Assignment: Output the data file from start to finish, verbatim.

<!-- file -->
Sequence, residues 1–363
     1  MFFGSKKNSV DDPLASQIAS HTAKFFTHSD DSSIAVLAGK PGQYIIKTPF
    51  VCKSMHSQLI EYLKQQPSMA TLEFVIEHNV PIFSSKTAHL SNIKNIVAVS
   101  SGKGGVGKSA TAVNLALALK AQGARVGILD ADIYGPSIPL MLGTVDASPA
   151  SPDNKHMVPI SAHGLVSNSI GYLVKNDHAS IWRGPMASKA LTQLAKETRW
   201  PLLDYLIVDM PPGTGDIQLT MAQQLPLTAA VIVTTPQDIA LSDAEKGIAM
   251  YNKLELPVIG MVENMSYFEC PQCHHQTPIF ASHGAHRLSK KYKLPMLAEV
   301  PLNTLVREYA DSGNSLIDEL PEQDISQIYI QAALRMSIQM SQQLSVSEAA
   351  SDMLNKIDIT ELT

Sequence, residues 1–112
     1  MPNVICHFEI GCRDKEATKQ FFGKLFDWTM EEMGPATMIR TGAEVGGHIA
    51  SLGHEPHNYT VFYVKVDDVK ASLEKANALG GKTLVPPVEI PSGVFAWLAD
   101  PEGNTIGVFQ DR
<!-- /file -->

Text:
Sequence, residues 1–363
     1  MFFGSKKNSV DDPLASQIAS HTAKFFTHSD DSSIAVLAGK PGQYIIKTPF
    51  VCKSMHSQLI EYLKQQPSMA TLEFVIEHNV PIFSSKTAHL SNIKNIVAVS
   101  SGKGGVGKSA TAVNLALALK AQGARVGILD ADIYGPSIPL MLGTVDASPA
   151  SPDNKHMVPI SAHGLVSNSI GYLVKNDHAS IWRGPMASKA LTQLAKETRW
   201  PLLDYLIVDM PPGTGDIQLT MAQQLPLTAA VIVTTPQDIA LSDAEKGIAM
   251  YNKLELPVIG MVENMSYFEC PQCHHQTPIF ASHGAHRLSK KYKLPMLAEV
   301  PLNTLVREYA DSGNSLIDEL PEQDISQIYI QAALRMSIQM SQQLSVSEAA
   351  SDMLNKIDIT ELT

Sequence, residues 1–112
     1  MPNVICHFEI GCRDKEATKQ FFGKLFDWTM EEMGPATMIR TGAEVGGHIA
    51  SLGHEPHNYT VFYVKVDDVK ASLEKANALG GKTLVPPVEI PSGVFAWLAD
   101  PEGNTIGVFQ DR